P.J. Tucker looks poised to be the next veteran player traded by the Houston Rockets.

Tucker is in the midst of an underwhelming season from a production standpoint. Averaging just 4.6 points and 4.7 rebounds across 29.9 minutes per contest for the Rockets team, the 35-year-old forward is having the worst season of his NBA career since becoming a rotation fixture in the 2012-13 season with the Phoenix Suns.

With that said, Tucker is still a capable and proven player and probably won't be a Rocket for much longer. He's a tough defender, a veteran leader, and a respectable outside shooter who can contribute for a championship contender. Speaking of such, the Milwaukee Bucks, Brooklyn Nets, Utah Jazz, and Denver Nuggets are reportedly interested in trading for Tucker.

Here's how these reported trade suitors rank based on fit to acquire P.J. Tucker's services.

4) Utah Jazz

Utah is an NBA-best 27-7. While they should be open to making trades to bolster their rotation, acquiring Tucker would be an unnecessary transaction.

This is one of the best three-point shooting and overall defensive teams in the NBA; the Jazz went into Sunday third in the NBA in opponent points per game (106.5) and fourth in three-point shooting percentage (39.6 percent). Any team that acquires Tucker would be looking to improve these aspects of their roster.

Head coach Quin Snyder has plenty of depth and reliability in-between Donovan Mitchell and Rudy Gobert. Wings/forwards Bojan Bogdanovic, Joe Ingles, Royce O'Neale, and Georges Niang are respectable shooters and/or defenders. Plus, Mike Conley and Jordan Clarkson are having superb 2020-21 campaigns.

The Jazz don't need Tucker, although adding him wouldn't hurt and the Rockets might let him go for cheap.

3) Denver Nuggets

The Nuggets are off to a monotonous 18-15 start and should be scouring the trade market for rotational upgrades, which Tucker would be. He'd provide them with perimeter defense which the Nuggets lost with Jerami Grant and Torrey Craig departing in free agency last offseason.

At the same time, who are the Nuggets going to trade for Tucker and who does he present a clear upgrade over?

In-between point guard Jamal Murray and center Nikola Jokic is a combination of athletic, versatile, and steady scorers in Michael Porter Jr., Will Barton, Gary Harris, and JaMychal Green. Tucker doesn't present an upgrade or more intrigue than the aforementioned players. Why would they trade from that grouping of players for someone who would be a downgrade or at least a rotation wash? Denver could be acquiring the forward to play an at best backend rotation role.

The Nuggets should be on the prowl for players under more team control than Tucker (he's a free agent after this season) and players to take the pressure off Jokic and Murray.

2) Milwaukee Bucks

The Bucks have been throwing a bunch of stuff at the wall in hopes of finally breaking through in the playoffs with Giannis Antetokounmpo (they've added Jrue Holiday, Bobby Portis, D.J. Augustin, Torrey Craig, and Bryn Forbes over the last five months). They can continue being aggressive by trading something to the Rockets for Tucker.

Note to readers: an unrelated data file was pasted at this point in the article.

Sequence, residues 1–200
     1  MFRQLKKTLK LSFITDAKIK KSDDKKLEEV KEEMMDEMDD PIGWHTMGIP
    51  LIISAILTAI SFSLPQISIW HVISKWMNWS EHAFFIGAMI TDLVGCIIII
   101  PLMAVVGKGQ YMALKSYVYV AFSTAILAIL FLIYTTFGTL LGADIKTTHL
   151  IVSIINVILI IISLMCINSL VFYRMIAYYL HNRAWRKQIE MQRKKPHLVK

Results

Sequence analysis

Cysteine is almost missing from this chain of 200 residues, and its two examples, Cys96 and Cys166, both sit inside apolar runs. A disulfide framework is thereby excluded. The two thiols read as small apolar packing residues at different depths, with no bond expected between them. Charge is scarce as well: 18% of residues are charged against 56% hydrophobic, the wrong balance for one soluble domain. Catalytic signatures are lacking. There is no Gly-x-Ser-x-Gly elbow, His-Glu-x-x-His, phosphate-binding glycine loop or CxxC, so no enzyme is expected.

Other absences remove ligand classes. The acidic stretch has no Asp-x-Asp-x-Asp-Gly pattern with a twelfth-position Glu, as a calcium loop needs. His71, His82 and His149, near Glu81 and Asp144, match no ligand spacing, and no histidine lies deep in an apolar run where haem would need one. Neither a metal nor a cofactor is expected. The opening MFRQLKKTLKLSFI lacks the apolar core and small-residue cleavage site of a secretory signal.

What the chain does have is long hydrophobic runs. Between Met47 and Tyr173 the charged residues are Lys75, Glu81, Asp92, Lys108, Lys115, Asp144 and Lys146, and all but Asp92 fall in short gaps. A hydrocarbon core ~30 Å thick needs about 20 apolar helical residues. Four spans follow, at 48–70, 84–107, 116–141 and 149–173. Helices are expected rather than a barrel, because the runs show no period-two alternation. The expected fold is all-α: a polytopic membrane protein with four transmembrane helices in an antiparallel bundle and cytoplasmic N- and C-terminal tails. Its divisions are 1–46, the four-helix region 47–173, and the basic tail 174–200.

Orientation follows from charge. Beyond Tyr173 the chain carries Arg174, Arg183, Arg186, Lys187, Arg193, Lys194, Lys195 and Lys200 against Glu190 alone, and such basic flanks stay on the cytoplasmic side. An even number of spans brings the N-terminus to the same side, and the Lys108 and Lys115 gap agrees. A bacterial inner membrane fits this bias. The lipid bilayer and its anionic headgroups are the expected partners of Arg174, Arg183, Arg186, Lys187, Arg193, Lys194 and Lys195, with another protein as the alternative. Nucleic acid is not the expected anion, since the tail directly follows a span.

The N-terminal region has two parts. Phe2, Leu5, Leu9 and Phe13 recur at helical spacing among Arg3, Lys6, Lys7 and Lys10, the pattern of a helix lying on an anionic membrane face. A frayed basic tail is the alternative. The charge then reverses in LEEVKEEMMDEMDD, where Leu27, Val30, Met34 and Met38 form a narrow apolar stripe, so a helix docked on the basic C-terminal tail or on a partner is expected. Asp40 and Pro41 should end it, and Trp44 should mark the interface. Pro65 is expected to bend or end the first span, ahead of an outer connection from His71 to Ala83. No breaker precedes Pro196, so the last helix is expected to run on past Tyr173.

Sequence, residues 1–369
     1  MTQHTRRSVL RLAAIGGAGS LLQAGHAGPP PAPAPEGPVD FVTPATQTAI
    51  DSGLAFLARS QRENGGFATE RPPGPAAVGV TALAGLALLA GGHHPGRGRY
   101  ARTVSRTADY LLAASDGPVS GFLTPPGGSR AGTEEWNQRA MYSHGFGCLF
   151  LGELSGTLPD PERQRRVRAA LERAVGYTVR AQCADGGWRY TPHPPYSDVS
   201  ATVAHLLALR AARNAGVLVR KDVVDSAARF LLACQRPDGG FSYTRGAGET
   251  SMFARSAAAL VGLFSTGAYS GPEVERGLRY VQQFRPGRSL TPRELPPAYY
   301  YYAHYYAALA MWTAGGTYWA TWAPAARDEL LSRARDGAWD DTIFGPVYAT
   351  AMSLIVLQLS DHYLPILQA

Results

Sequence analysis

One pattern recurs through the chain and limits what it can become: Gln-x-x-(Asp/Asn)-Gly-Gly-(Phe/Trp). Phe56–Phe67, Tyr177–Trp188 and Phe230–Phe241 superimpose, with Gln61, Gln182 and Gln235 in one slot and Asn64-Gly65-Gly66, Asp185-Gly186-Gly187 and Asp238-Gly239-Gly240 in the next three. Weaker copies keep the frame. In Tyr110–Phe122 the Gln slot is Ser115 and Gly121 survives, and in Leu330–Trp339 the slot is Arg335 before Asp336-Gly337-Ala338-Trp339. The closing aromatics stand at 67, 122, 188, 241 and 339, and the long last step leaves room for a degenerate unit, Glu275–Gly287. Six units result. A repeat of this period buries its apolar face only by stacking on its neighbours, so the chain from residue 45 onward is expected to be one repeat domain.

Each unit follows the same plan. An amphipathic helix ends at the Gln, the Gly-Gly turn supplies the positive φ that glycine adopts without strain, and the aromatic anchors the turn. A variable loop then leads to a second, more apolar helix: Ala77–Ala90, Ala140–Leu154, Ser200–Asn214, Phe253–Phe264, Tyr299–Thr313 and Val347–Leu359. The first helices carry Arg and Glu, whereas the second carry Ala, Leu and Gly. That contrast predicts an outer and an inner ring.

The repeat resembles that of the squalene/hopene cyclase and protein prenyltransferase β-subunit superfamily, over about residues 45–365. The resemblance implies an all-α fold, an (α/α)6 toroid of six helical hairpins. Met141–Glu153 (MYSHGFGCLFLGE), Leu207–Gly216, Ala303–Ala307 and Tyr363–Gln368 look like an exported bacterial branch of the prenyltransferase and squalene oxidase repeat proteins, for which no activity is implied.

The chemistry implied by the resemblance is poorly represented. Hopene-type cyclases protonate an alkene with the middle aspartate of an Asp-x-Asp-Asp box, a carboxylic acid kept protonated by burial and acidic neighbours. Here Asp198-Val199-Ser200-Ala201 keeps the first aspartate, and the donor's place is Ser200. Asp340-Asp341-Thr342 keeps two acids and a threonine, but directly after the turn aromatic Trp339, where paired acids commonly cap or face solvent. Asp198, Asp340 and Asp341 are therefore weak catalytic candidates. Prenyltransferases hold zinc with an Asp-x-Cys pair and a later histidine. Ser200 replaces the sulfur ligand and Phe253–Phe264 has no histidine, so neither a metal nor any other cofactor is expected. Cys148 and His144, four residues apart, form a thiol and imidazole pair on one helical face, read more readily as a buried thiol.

Milwaukee has struggled to defend the three-ball and limit opposing offenses, as a whole. They went into Sunday 18th in the NBA in opponent points per game (112.5) and 23rd in opponent three-point shooting percentage (38.0 percent). Tucker's defensive prowess would add credibility to the Bucks on that end of the floor.

Plus, they need players who are smooth in the clutch. Tucker could be on the floor at the end of games for crucial defensive positions and be an outside option if Antetokounmpo or Khris Middleton are double-teamed late in the shot clock.

The knock on acquiring Tucker would be that the Bucks already have the wing depth and frontcourt height to go small late in games. They have a versatile roster, and giving up a rotation player and say a second-round pick isn't a must, if you will, for their sake.

1) Brooklyn Nets

Injuries and depth are Brooklyn's potential postseason kryptonite, and P.J. Tucker would improve them in both respects.

Kevin Durant is out through the All-Star break due to a hamstring injury, and Kyrie Irving has a well-documented injury history and is currently dealing with a shoulder injury. What happens if one or both of Durant and Irving miss time late in the season or even the playoffs? Head coach Steve Nash will need players with postseason experience who play with confidence (Tucker has 50 career playoff appearances under his belt).

Even at full strength, the Nets need depth. When you pull out all the stops to have a superstar big three (Kevin Durant, James Harden and Kyrie Irving) you need to be savvy on the trade market and closely monitor the buyout market for upgrades throughout the season. Yes, Joe Harris, DeAndre Jordan, Landry Shamet and Timothe Luwawu-Cabarrot are reliable starters/rotation players. That said, they alone aren't enough for the Nets to go into the playoffs alongside their big three.

P.J. Tucker is an ideal pickup for the Nets. He should come at a cheap rate via trade and would provide them with more outside shooting, perimeter defense and veteran pedigree.